Sunday, March 27, 2016

Found Around—Random Writing Tip 2: Eat Those Ands!

A playful tip that I give learners in my writing seminars is to become andeaters. Just as anteaters shovel ants into their waiting stomachs through their elongated snouts, we should use our equally remarkable eyes to capture our missteps with and, which often adds unnecessary words at best and causes confusion at worst. Here are some examples.

Example 1 

Sentence: The partnership with the firm will benefit and advance our mission.

Problem: The word and joins benefit and advance. If the company advances its mission through the partnership, then it surely benefits. Using both words is unnecessary unless the writer wants to show a cause-effect relationship.

Solutions: The partnership with the firm will advance our mission, or, The partnership will benefit our company by advancing our mission.

Example 2

Sentence: Quality Assurance provides information about a recurring technical error in our payroll system, seeks management's approval to remedy it, and requests $16,000 to purchase a superior software package that will eliminate the problem.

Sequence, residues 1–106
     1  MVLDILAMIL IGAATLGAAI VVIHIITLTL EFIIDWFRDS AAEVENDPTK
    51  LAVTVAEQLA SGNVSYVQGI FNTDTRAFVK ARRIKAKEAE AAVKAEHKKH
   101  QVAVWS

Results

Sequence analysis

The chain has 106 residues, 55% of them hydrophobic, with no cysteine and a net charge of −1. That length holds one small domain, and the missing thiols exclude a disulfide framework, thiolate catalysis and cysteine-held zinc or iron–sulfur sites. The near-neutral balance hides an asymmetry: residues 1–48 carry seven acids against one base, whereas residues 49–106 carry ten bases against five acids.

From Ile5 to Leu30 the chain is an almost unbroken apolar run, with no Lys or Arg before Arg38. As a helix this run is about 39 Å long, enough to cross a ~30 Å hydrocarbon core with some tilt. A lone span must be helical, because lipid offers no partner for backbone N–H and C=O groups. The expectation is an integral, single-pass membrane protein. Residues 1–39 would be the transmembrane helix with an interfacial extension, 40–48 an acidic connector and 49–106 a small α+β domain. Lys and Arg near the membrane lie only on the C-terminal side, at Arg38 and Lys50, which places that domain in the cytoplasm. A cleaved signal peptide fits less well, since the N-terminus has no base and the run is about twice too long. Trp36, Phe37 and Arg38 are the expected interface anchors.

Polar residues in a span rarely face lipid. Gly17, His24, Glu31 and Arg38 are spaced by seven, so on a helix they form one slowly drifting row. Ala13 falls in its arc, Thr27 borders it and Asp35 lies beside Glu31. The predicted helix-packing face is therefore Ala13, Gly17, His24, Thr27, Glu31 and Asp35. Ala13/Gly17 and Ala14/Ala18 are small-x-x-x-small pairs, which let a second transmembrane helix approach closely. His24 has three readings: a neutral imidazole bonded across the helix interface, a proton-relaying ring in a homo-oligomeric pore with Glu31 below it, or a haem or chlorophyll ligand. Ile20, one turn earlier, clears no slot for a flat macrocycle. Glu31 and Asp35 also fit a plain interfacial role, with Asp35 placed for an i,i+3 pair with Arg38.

Problem: O my goodness! In this opening sentence of a proposal, Quality Assurance claims to take three actions, joined by and: provides, seeksrequests. By definition, proposals offer suggestions for solving problems, so we can cut provides information; in addition, we don't need to remedy and eliminate a problem when one of those will do. We can reduce this 33-word sentence to 16 words.

Solution: Quality Assurance requests $16,000 for software to eliminate a recurring technical error in our payroll system.

Example 3

Sentence: This project aims to raise awareness and understanding of this issue affecting the community.

Problem: In this case, and joins awareness and understanding. This one is not as easy as it might look, because we can be aware of a problem without understanding it. For instance, we are all aware that gun violence is a problem, but opposing factions believe their rivals don't understand why it's a problem. Alternatively, we can understand a problem, say a deadly virus, without being immediately aware that it has afflicted our community. But when I asked the writer whether understanding implied awareness in this situation, she agreed, as I thought she would. Below is how she changed the sentence.

Solution: This project aims to help the affected community in understanding this issue.

Moral of the story: Be an andeater!